the end, and disappontment and disgust when it does end.
Those emotions-- frustration, disappointment, and disgust-- are
bad guys. I'm asking what good guys should replace them.

BTW, my question was probably also prompted by hearing a
story on NPR several hours earlier about an arcade owner in
Uganda who found that his clients were destroyng the game
controllers at an unusually high rate because they were taking
their frustrations and anger out in the games. I'm sure this is
relevant, but I'm not sure how.

-- Jeff, in Minneapolis

Jeff Root
2014-Aug-16, 05:44 PM
Minesweeper is actually the only game that came with Windows 7
that I play. I play older or third-party versions of a couple of the
others.

My best time on Minesweeper (beginner level, 10x10, August 1) is
10 seconds, but it is extremely dependant on how the mines are
randomly placed. The frustration in Minesweeper is to end the
game with a situation that has a 50-50 chance of a correct choice,
and choosing incorrectly, thus ending a winning streak and having
to start over from the beginning. Bad, but not nearly as bad as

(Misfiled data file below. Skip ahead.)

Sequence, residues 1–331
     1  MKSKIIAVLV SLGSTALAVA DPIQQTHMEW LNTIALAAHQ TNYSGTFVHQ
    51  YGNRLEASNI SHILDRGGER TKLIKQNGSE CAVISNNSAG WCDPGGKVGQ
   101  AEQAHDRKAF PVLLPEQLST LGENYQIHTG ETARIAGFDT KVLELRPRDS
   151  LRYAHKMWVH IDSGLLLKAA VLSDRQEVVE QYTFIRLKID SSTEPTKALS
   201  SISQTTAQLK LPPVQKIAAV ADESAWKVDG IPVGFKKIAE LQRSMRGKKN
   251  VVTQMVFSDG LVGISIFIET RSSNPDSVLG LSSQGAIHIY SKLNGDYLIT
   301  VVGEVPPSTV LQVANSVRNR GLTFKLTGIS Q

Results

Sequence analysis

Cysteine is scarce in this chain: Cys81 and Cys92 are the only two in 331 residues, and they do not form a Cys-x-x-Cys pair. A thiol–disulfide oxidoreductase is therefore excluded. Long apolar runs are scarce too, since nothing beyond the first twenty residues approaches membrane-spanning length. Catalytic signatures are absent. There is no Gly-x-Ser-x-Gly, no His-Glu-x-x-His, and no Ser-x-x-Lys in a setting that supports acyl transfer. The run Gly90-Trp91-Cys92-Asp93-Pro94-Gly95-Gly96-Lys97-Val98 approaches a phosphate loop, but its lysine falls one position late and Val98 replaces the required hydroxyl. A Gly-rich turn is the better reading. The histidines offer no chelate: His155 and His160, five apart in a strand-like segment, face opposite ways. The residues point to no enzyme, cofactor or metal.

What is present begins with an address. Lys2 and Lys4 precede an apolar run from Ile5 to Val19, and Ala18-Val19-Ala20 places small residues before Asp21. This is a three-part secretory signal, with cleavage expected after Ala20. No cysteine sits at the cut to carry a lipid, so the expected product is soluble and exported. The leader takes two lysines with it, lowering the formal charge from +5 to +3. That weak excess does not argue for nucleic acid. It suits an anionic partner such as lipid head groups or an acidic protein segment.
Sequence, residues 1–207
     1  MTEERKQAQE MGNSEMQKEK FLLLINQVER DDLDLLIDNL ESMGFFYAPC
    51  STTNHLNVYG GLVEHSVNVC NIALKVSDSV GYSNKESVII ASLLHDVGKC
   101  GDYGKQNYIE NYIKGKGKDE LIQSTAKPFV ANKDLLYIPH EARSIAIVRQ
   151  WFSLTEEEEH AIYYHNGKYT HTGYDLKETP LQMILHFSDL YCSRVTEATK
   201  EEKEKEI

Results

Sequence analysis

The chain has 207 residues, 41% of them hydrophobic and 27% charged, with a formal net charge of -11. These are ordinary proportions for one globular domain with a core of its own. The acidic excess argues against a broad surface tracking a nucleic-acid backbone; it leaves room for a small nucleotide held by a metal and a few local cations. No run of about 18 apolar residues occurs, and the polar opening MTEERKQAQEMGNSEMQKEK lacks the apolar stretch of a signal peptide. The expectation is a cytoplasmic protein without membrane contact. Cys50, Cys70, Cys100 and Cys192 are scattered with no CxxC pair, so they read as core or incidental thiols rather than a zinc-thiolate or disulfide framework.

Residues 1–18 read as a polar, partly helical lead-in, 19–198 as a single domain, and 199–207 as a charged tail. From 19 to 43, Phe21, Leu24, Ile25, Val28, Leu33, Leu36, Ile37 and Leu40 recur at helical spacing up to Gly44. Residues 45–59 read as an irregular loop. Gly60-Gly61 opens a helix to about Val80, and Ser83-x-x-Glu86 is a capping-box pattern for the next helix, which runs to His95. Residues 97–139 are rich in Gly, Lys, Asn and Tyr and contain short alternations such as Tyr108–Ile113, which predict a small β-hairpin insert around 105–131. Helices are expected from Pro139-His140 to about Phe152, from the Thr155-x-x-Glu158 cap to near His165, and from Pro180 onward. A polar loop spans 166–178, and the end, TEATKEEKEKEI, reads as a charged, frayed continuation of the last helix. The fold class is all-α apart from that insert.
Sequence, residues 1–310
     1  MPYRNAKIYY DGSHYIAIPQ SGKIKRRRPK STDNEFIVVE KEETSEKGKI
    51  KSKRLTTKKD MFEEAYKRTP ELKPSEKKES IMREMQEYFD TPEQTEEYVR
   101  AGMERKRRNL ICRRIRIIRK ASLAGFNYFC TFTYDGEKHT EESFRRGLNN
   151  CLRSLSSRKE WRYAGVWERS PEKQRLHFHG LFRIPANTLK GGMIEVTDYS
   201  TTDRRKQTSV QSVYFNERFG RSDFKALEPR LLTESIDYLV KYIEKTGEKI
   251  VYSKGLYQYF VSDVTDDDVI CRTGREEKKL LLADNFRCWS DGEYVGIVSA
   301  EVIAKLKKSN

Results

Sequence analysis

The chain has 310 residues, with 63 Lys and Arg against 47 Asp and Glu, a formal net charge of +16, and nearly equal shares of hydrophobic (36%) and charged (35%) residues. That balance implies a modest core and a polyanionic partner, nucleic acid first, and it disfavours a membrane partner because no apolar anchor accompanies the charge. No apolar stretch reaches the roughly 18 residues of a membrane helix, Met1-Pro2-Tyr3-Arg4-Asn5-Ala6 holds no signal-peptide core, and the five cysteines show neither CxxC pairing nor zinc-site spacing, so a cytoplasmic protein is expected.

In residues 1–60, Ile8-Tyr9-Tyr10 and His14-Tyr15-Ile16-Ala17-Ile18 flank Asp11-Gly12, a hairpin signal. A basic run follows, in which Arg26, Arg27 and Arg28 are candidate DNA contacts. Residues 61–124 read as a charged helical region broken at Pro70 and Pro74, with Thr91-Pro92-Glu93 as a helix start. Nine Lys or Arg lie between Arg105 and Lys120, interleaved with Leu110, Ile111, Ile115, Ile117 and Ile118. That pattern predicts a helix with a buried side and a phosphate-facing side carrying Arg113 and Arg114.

the other game, which isn't worth naming.

-- Jeff, in Minneapolis

publiusr
2014-Aug-16, 06:22 PM
That's the only game I ever played on a computer (at work I confess)

But after a minute or two, I have to get up. First person shooters I might play at a movie theatre once in a blue moon.

Hlafordlaes
2014-Aug-16, 07:08 PM
19768 (113 sec.)

Was a shameless addict, especially when depressed. Only played on Expert. Stopped mostly nowadays.

profloater
2014-Aug-16, 07:12 PM
19768 (113 sec.)

Was a shameless addict, especially when depressed. Only played on Expert. Stopped mostly nowadays. I think my wife at her prime was about 32 s on expert, sorry, but for me 113s would be really good. Don't fret about it hey? I wish I had not told you now.:)

Hlafordlaes
2014-Aug-16, 07:50 PM